James Batemen
 

Markets have seen a pullback in the past few days. Let’s be clear - in the long span of financial history, this is not news. Yet in a world where the concept of a “correction” almost feels alien and where equities felt like an unstoppable one-way bet for a while, the normality of a setback can feel more painful. 

But what we have seen is perhaps the greatest sign of the true health in markets for a long time. The tech-fuelled rally in the US had long lost any sense of reality in its valuations, the prospect of inflation remaining low forever could not last, and we have a new and untested chair of the US Federal Reserve. It would be more worrying if markets didn’t react to all of this.

Even accounting for recent price action, US equities remain up by around 50% since early 2016. The current price action may feel unusual because we have become so used to a low volatility environment, with economic data having been consistently positive across the globe in 2017.

So where do we go from here?
Alan Greenspan, a former Fed chair, said last week that bond and equity markets were in a bubble. But there is little new in this. It doesn’t take a former Fed chair to tell you that bond markets are in a bubble when yields on two-year German bunds are trading below the European Central Banks’s deposit rate, or that equities are vulnerable to a pullback when they have been breaking decades-old records for the past several months.

Bubbles can possibly persist for a long time, and while we might see a resumption of the previous (tech-led) trend, it seems more likely that this pause for breath will lead to a reassessment of the market’s leadership.

What might derail this thesis? The new Fed chair, Jerome Powell, has the potential to misstep in more ways than one. As ever, the central bank head has to walk a tightrope between prudence and sentiment. Either overtightening or a delay in tightening that would suggest a loss in confidence could spook equity markets and lead to a further leg down.

However, markets will understand that the new Fed chair was chosen in part because of his soft stance on interest rate. The risk of interpreting his statements as concerningly dovish therefore seems low.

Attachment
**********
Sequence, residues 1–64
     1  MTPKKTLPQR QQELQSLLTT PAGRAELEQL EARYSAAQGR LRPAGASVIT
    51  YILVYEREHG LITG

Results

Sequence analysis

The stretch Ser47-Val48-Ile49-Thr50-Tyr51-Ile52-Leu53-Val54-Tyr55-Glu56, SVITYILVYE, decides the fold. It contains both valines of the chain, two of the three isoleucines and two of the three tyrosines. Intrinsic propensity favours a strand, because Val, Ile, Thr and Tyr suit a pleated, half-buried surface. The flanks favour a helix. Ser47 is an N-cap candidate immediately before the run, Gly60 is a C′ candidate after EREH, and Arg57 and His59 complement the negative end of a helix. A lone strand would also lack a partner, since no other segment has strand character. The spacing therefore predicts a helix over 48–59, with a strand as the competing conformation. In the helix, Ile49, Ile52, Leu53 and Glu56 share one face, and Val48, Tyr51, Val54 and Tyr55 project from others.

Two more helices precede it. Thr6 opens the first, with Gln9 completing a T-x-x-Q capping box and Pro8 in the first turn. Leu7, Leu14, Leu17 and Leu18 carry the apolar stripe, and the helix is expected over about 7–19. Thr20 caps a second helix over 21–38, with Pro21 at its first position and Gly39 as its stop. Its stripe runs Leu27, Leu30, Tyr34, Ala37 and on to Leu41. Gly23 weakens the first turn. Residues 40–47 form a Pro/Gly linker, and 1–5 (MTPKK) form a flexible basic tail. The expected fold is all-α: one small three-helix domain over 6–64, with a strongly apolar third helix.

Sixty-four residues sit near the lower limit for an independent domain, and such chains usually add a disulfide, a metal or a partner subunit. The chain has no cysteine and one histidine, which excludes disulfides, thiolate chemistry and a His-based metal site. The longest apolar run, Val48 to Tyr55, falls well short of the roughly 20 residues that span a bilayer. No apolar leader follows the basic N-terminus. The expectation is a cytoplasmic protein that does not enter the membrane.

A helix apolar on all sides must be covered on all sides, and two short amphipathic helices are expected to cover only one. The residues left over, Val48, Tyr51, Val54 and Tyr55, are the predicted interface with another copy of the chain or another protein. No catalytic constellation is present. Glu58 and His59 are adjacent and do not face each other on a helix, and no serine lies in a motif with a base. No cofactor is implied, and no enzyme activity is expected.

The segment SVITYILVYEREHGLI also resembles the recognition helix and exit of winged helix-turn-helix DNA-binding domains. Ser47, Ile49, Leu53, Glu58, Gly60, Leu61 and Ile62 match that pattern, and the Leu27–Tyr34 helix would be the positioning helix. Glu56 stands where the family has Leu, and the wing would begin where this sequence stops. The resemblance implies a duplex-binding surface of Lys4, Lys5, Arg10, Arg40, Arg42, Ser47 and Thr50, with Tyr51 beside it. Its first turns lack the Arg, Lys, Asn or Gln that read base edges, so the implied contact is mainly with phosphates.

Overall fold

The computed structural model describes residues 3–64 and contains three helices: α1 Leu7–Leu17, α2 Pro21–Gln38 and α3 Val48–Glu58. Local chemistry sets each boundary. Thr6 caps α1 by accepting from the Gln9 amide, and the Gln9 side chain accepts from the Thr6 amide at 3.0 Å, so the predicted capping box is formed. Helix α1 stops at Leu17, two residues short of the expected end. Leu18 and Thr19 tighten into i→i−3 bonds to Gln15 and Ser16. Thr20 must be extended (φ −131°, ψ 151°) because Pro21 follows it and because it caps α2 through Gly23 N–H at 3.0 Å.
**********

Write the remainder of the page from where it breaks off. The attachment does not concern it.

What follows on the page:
Powell also has more ammunition than just his dovish public statements for convincing investors that he is not about to dramatically raise rates. Average hourly earnings may have surprised to the upside in the US, but it’s not clear that this is a marked uptrend. A twelve-month moving average of the same series looks more muted, and other measures of wage growth, such as the employment cost index, also look lacklustre. This provides cover to those like Jerome Powell, who will likely argue for a gradual pace of rate rises, rather than a sharp tightening.  

There are weaknesses across various equity sectors, but none so large yet the market is likely to fall through them. My money remains on equities - but rotating (and buying on weakness) into “value” areas of the market that have lagged in the recent momentum-driven rally. I’d also be avoiding stocks where dividend yields aren’t backed up by strong free cash flow and a solid balance sheet - the search for yield hasn’t just inflated higher-yielding stocks, it has fundamentally altered the business models of some companies for the worse. This supports the case for active management at the latter stages of the cycle. Holding this course if and when volatility eases won’t seem easy - but at this stage of the cycle, keeping your head when others are losing theirs is important.        
 

The value of investments and the income from them can go down as well as up so you may get back less than you invest. Past performance is not a reliable indicator of future results.

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